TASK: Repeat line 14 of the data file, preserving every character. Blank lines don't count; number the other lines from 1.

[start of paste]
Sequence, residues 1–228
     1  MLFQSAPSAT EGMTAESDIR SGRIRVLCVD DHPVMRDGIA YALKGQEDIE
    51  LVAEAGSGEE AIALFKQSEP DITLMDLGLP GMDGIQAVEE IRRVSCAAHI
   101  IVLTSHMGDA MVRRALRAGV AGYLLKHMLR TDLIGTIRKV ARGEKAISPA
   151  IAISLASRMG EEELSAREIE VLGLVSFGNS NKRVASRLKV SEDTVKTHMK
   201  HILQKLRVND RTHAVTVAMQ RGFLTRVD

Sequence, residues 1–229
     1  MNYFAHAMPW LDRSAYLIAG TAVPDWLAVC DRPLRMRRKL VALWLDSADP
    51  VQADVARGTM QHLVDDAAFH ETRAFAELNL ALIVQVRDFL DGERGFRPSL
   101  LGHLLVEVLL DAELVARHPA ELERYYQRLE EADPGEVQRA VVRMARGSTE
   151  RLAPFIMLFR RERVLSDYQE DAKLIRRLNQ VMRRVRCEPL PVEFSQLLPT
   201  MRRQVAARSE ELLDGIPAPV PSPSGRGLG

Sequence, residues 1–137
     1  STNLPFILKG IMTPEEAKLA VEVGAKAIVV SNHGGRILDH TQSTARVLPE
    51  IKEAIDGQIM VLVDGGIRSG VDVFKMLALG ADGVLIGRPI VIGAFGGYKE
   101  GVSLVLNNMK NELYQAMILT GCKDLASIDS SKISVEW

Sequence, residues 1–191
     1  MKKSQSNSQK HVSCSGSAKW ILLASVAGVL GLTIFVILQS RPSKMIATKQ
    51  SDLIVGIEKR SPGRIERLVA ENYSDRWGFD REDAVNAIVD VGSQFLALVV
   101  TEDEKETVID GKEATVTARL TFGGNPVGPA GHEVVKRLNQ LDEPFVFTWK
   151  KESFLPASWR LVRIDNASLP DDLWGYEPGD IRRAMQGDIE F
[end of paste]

     1  STNLPFILKG IMTPEEAKLA VEVGAKAIVV SNHGGRILDH TQSTARVLPE